Environmental health groups celebrate the end of EU allowance for banned flame retardant chemicals to enter recycling streams and new products
The European Union (EU) has taken an important step towards cleaning up its recycling; it will no longer allow materials containing a class of toxic, globally banned flame retardants known as PBDEs to be recycled.
Researchers had revealed that across Europe, alarming levels of toxic banned flame retardants and related chemicals, which originated largely from discarded electronics equipment, were contaminating the recycling stream and new consumer goods made from recycled plastics. Environmental health advocates applaud the EU’s decision and encourage the six remaining countries with PBDE recycling exemptions to follow suit.
PBDE flame retardant chemicals, known to disrupt thyroid function and cause neurological and attention deficits in children, were banned globally via the Stockholm Convention a decade ago. However, the class of chemicals continue to contaminate consumer goods made from recycled plastics because the EU, along with Brazil, Canada, Cambodia, Japan, South Korea, and Turkey, took advantage of a loophole in the Stockholm Convention that allowed the banned chemicals in recycling and requested an exemption for prolonged use.
The EU recently submitted a letter withdrawing its exemption. The decision by the EU to keep POPs flame retardants out of recycling will also reduce the prevalence of dioxins in products made from recycled materials.
Researchers from Arnika, IPEN, and other public interest NGOs brought attention to the problem of toxic recycling and the PBDEs exemption through research that revealed the toxic flame-retardant contamination in children’s toys, kitchen utensils, and other consumer products that were made of recycled plastic. The high visibility, rigorous, multi-country research made the recycling exemption indefensible.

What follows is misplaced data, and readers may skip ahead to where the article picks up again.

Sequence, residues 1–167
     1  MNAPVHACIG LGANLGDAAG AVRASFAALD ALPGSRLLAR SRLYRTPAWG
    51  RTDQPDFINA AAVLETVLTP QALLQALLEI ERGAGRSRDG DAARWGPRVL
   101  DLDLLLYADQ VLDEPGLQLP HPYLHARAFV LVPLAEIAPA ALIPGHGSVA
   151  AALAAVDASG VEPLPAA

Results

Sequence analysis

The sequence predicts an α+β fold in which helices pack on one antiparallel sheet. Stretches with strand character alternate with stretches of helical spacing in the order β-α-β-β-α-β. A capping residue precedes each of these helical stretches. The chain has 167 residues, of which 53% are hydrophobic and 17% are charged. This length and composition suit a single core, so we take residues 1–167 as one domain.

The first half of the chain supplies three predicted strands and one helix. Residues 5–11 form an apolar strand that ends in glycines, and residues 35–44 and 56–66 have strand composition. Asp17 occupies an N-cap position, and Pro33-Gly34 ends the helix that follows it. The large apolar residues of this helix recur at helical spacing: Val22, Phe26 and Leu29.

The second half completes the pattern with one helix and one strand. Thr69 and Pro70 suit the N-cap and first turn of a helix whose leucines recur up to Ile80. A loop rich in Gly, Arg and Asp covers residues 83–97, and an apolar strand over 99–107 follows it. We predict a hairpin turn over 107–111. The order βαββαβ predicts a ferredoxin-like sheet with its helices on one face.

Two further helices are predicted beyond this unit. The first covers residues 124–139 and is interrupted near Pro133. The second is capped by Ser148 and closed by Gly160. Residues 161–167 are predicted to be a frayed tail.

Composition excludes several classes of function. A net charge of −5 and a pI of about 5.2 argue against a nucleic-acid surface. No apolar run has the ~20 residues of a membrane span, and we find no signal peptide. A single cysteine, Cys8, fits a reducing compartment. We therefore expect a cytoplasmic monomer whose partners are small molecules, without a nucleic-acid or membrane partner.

“In closing this dangerous loophole, the EU has taken an important step for public health,” said Jitka Strakova, Arnika expert on toxic chemicals and Coordinator of IPEN’s Dioxin, PCBs, and Waste Working Group. “Governments that claim to protect children and families from toxic banned chemicals cannot condone policies that allow hazardous substances in toys. That is what the recycling exemption does. The EU’s positive decision to withdraw the recycling exemption for PBDEs should serve as a global policy lesson and catalyse policy to put an end to POPs in recycling and waste.”
“Substances, such as PBDEs, that are identified as POPs are toxic for a long time. POPs materials should be identified and destroyed, not be allowed to circulate back into the economy to do further damage,” says Jindrich Petrlik, Head of Arnika’s Toxics and Waste Programme. “The EU should be applauded for this responsible decision on recycling. Next up, to be a true global leader for a clean circular economy, the EU should take commensurate steps to address POPs in waste policies that still permit banned chemicals in electronic waste for international transport and dumping. The EU should also address the very high threshold for the banned flame retardant decaBDE as a trace contaminant, which allows it to still enter the recycling chain and emerge in products.”
“Toxic recycling opens the door for hazardous chemicals to enter new products, including children’s toys,” said Joe DiGangi, IPEN Senior Science and Technical Advisor. “That’s simply not defensible and urgently needs to stop. We hope that Brazil, Canada, Cambodia, Japan, South Korea, and Turkey can withdraw their toxic recycling exemptions by the Stockholm Convention’s 10th Conference of the Parties in 2021.”
For the rubber sector the issue is said to be: Short-chain chlorinated paraffin (SCCPs) – flame retardants found in some rubber and plastic waste, such as rubber conveyor belts, hoses, cables, and seals.
For Recyclers looking at blending rubber with recycled “plastics”, there are further challenges with Polybrominated diphenyl ethers (PBDEs) – flame retardants found in plastics and textiles used in electrical and electronic equipment, vehicles, and furniture, and Hexabromocyclododecane (HBCDD) – flame retardant found in some plastic and textile waste, particularly in polystyrene insulation from the demolition of buildings.